This week's guest at The Red Dress Club is Bonnie Jo Campbell.
I discovered her writing through a friend of mine, Jeremy Harbottle, who did a review of her book, American Salvage over at my book blog.
Admittedly my first reason for grabbing her book was because she is local to me in Michigan. She lives and writes about Southwest Michigan where I spent five years in college living locally and five more years commuting to for my Masters work.
She has been the finalist for and won numerous awards for her writing in both fiction and short stories.
We are so ecstatic that she has taken the time to be interviewed for The Red Dress Club! Please give a lovely welcome to Bonnie Jo Campbell!
1) You are applauded for your "real" characters. How do you create such compelling characters? Every story is different, and every character is different. Often I start with a character from real life , while at other times I invent the character that the story needs, or the character that would rise up naturally from the landscape or cityscape I’m investigating. The main thing is that I really like people, and I enjoy talking to people and figuring out what makes them tick in real life, and that helps me in stories. I generally don’t describe a character physically in much detail, but nobody seems to mind.
2) How is your process for writing short stories different than the approach you take to writing a novel? It’s the same. That’s what makes writing a novel so difficult—it’s just a lot more of the same. I have some difficulty holding an entire novel in my head, keeping all the bits and pieces aligned so that they work together. The risk in writing a novel is much greater, of course. If I write a weak short story, well, that’s a few hundred hours down the drain. If I write a lousy novel, that’s years of my life gone.
3)Obviously your life experiences have helped shape your writing, but what kinds of other research did you have to do for American Salvage? I had to do meth-related research, by asking folks who had more experience than I did and by looking online. Every story had its own requirements. In “The Yard Man” I had to figure out why sort of snake the protagonist had seen. I had to create a snake that could have been a native Midwestern snake, but also could have been some member of a more exotic species. I made the snake six foot long because that would allow it to be a milk snake or a corn snake (that’s the maximum length for those snakes). For “Boar Taint” I had to research theories about the phenomenon of boar taint, the smell of boar meat, and I found that there’s considerable controversy about whether meat pigs need to be castrated.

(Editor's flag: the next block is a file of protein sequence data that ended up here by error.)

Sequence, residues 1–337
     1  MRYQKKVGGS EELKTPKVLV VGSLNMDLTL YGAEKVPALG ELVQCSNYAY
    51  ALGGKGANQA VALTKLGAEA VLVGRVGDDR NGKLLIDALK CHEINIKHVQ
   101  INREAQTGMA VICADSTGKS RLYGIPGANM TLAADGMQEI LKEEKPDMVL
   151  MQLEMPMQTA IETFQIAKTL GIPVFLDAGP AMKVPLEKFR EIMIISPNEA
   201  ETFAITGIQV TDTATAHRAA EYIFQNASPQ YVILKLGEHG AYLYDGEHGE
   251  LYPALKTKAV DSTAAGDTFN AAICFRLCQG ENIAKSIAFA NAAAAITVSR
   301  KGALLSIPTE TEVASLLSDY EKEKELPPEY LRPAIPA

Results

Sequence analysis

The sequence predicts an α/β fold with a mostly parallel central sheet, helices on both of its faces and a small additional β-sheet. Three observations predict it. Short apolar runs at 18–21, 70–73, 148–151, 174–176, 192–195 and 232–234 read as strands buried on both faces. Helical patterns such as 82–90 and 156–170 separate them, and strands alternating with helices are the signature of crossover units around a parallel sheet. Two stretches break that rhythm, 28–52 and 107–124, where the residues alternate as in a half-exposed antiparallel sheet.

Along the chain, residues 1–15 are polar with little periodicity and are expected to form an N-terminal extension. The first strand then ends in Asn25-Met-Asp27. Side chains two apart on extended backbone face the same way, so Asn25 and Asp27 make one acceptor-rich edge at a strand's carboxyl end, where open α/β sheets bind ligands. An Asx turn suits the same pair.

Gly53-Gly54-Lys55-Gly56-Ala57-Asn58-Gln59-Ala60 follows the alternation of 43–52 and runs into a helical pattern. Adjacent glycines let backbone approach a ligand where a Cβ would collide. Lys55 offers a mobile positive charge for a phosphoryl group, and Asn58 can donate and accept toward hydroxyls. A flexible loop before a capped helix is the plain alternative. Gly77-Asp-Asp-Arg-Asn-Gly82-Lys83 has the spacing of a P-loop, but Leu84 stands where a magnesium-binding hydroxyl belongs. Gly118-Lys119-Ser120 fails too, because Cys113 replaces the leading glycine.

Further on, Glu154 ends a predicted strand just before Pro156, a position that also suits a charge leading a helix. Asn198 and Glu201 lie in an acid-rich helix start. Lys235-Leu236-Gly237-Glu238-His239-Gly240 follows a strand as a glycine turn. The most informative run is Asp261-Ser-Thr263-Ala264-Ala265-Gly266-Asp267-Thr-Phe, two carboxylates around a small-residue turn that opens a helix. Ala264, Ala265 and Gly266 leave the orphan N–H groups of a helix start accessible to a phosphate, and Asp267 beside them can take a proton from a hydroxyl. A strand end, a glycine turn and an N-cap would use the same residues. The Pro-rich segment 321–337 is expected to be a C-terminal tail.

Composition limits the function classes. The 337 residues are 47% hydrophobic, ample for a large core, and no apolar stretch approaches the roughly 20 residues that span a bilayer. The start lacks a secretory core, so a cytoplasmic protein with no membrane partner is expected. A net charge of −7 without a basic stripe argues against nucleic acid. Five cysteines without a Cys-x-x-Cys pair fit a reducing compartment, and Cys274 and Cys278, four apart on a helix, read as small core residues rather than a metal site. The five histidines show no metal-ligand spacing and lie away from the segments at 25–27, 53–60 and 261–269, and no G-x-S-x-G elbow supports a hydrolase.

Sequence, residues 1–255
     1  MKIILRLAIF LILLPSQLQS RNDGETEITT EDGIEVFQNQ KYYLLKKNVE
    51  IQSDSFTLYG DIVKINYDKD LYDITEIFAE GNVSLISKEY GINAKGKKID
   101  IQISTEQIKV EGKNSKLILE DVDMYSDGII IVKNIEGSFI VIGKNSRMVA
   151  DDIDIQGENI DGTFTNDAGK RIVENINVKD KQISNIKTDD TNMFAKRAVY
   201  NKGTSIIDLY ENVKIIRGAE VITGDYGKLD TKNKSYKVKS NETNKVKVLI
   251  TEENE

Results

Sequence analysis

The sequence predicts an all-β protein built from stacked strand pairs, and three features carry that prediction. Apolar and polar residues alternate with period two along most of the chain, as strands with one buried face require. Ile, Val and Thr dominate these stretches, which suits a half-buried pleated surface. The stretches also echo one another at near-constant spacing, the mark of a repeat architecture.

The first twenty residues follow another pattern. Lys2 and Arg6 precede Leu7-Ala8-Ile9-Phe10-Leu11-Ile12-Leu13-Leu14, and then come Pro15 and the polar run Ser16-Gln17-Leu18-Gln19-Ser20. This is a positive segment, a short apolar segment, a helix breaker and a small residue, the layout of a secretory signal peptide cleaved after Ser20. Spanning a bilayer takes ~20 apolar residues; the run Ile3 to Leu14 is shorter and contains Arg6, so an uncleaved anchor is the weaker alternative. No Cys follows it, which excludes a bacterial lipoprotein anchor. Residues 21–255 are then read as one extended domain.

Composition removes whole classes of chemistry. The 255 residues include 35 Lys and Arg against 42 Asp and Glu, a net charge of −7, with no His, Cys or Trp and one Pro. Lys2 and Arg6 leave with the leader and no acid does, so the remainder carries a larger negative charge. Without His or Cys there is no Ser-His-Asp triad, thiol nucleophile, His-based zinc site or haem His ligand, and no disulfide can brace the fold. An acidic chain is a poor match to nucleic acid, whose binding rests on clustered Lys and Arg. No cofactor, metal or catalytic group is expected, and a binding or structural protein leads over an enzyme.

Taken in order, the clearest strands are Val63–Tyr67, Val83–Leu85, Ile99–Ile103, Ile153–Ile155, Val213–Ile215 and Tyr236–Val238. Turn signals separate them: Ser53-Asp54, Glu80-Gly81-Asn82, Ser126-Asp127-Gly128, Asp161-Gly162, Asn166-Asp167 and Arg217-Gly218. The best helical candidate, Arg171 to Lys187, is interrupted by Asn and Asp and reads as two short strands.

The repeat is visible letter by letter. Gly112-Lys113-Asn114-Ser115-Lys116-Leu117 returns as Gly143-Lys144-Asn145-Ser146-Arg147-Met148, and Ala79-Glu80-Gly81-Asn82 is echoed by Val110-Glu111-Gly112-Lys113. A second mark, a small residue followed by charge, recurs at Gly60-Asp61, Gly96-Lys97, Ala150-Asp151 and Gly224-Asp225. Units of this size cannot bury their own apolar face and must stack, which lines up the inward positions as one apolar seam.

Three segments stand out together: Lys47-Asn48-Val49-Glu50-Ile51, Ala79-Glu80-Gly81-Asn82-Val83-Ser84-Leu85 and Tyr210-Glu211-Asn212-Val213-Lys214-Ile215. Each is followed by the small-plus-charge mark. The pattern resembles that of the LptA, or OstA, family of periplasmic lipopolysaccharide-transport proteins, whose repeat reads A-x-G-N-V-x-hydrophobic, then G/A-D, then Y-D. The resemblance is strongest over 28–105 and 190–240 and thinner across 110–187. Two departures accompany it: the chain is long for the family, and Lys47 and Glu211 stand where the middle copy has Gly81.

4)Did you find that in order to write about your community, you had to somehow separate yourself from it? Was it difficult to be so honest about a community you so clearly love? Gosh, no. I couldn’t possibly separate myself from my community. I figure that what I say is acceptable if and only if it is honest and fair and generous. Staying in my community forces me to be honest, fair, and generous. There are plenty of issues I won’t write about any time soon, ones that are too personal to folks around me.
5) Do you consider yourself a regionalist writer? Why or why not? Sure, I like to be considered a Michigan writer or a Midwestern writer, in the sense that I have something special to say about my place. I hope that doesn’t stop me from being of interest to folks who live in other places. Faulkner was a southern writer, after all.
6) What are you reading right now? I’m reading “Light Lifting” by Alexander MacLeod. It’s a collection of short stories that are so intense that I feel I’ve lived all the lives he’s writing about.
7) What advice would you give to novice writers (that is not already on your website)? Let yourself be obsessed with the subject matter of a story. Train yourself to be obsessed with subject matter. Don’t try to understand the material; rather, you should try to know the material the way you might know a friend. Be a fan of the material the way you might be a fan of a famous person or a band. Writing is a slow process for me—most of my stories take years to write—and so I need to remain interested in order to finish.
Good luck! Bonnie